grafana_dashboard_uid: id_for_dashboard2
   sinks:
   - "main_slack_sink"

Mandatory global config

Robusta expects several globalConfig parameters with specific names:

cluster_name

Unique for each cluster in your organization. Cluster Name be human-readable and need not be secret

account_id

Keep secret! The Account ID uniquely identifies your cluster with Robusta cloud (if enabled). Should never be the same for different organizations. Together, cluster_name and account_id uniquely identify every cluster running Robusta in the world

signing_key

Keep secret! The Signing Key is used to authenticate requests to run playbooks from outside the cluster (if enabled).

These values are generated automatically when setting up Robusta with the CLI. If you install Robusta on additional clusters, make sure you change cluster_name accordingly. The other values should remain the same.

If you need to generate the secret values yourself, use cryptographically secure strings with at least 128 bits of randomness.

Defining additional sinks

Here is a full example showing how to configure all possible sinks:

sinksConfig:
- slack_sink:
    name: main_slack_sink
    slack_channel: channel-name
    api_key: secret-key    # generated with `robusta integrations slack`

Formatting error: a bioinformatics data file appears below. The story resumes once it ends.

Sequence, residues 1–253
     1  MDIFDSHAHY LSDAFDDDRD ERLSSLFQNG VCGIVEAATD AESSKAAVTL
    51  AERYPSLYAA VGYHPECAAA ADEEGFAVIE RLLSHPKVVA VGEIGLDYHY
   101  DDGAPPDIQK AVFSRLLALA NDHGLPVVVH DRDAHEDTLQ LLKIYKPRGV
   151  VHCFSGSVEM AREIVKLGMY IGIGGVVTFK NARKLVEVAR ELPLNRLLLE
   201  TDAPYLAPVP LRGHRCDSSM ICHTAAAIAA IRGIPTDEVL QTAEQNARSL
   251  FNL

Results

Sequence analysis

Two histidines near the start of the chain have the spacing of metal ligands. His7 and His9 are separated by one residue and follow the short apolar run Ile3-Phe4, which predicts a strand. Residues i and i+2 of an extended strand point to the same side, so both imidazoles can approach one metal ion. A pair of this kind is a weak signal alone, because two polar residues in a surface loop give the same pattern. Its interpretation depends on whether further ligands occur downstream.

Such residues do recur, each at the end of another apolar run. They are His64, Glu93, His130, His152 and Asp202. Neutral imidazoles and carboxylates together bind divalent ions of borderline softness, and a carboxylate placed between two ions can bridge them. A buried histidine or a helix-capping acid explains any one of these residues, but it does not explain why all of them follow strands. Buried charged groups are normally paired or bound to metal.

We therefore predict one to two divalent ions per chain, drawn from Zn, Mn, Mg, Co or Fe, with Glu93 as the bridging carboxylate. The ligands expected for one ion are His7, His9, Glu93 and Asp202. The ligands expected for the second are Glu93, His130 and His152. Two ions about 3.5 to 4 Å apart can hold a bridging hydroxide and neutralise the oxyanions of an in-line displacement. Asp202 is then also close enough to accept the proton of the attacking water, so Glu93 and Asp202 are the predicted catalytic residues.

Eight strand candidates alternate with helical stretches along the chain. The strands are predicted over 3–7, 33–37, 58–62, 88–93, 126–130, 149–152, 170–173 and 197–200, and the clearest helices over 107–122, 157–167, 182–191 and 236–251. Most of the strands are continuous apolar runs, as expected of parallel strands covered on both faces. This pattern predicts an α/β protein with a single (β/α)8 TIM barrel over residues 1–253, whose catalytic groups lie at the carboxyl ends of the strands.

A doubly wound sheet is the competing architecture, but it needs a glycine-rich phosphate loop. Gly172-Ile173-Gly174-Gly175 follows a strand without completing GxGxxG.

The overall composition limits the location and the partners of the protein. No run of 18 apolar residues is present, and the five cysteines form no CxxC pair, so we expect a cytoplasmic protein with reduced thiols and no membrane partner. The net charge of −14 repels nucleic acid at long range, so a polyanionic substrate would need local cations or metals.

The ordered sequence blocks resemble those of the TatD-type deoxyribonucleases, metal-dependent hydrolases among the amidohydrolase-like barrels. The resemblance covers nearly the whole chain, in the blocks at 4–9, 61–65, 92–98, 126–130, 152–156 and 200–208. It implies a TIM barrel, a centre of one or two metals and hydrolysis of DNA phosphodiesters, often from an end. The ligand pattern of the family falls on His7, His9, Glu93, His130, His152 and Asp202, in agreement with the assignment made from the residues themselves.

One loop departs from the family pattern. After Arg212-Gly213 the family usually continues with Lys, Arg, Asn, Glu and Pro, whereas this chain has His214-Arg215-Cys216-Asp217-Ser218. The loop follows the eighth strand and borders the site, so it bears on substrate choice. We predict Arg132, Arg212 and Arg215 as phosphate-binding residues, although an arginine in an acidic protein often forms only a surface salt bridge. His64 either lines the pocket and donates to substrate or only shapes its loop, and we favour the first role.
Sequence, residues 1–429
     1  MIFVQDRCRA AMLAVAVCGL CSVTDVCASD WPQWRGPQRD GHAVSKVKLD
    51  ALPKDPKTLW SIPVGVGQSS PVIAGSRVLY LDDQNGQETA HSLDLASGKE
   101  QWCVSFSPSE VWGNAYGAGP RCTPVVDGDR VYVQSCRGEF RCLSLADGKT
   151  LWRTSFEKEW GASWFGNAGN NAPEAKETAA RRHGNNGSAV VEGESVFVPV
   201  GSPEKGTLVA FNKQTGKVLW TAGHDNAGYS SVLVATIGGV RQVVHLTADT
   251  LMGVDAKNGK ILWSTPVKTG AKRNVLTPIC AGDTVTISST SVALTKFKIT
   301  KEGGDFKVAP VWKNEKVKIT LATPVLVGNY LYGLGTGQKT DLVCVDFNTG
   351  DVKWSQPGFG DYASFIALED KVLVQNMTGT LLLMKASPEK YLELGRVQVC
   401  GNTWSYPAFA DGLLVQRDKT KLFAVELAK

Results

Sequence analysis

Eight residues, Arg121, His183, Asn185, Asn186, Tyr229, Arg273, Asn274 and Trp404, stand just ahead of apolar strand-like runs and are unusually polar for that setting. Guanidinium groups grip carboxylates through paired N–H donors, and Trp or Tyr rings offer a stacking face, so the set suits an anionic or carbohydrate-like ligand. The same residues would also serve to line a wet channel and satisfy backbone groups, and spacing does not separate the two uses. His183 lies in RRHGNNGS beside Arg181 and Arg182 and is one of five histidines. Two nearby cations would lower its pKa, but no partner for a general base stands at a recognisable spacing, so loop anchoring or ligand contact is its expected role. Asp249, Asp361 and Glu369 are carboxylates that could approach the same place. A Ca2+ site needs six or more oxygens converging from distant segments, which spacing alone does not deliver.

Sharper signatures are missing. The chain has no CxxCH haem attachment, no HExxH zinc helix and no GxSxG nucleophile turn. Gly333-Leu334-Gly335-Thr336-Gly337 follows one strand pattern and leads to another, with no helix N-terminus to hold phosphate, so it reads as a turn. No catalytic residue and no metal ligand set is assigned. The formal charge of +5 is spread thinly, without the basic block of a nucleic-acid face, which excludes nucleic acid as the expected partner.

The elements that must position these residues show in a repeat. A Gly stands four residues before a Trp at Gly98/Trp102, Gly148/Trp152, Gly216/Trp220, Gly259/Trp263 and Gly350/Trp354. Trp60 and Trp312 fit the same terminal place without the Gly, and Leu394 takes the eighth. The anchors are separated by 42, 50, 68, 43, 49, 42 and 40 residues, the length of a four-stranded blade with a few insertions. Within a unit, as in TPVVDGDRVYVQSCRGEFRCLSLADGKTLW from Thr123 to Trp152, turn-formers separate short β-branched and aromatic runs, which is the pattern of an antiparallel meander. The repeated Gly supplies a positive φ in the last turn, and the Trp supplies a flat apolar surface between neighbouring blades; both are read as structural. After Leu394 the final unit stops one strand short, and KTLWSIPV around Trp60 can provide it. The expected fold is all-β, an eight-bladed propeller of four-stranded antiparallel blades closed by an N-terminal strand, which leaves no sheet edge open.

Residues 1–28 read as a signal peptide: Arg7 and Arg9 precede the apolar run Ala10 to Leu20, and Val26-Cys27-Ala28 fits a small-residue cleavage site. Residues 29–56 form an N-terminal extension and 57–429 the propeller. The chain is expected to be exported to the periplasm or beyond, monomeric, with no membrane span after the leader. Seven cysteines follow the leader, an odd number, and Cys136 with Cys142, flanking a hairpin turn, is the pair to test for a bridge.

- robusta_sink:
    name: robusta_ui_sink
    token: secret-api-key  # generated with `robusta gen-config`
- ms_teams_sink:
    name: main_ms_teams_sink
    webhook_url: teams channel incoming webhook  # configured using teams channel connectors
- kafka_sink:
    name: kafka_sink
    kafka_url: "localhost:9092"
    topic: "robusta-playbooks"
    default: false
- datadog_sink:
    name: datadog_sink
    api_key: "datadog api key"
    default: false
- opsgenie_sink:
    name: ops_genie_sink
    api_key: OpsGenie integration API key  # configured from OpsGenie team integration
    teams:
    - "noc"
    - "sre"
    tags:
    - "prod a"
- telegram_sink:
    name: telegram_sink
    bot_token: your bot token
    chat_id: your chat id
- webhook_sink:
    name: webhook_sink
    url: "https://my-webhook-service.com/robusta-alerts"

Sink matchers

Sinks can be configured to report findings only when they match all the specified matchers.

Each matcher can be a regular expression or a list of exact values:

sinksConfig:
- slack_sink:
    name: test_slack_sink
    slack_channel: test-notifications
    api_key: secret-key
    match:
      # match "dev" or "test" namespaces
      namespace:
      - dev
      - test
      # match any node containing the "test-node" substring
      node: test-node
- slack_sink:
    name: prod_slack_sink
    slack_channel: prod-notifications
    api_key: secret-key
    match:
      # match the "prod" namespace exactly
      namespace: ^prod$
- slack_sink: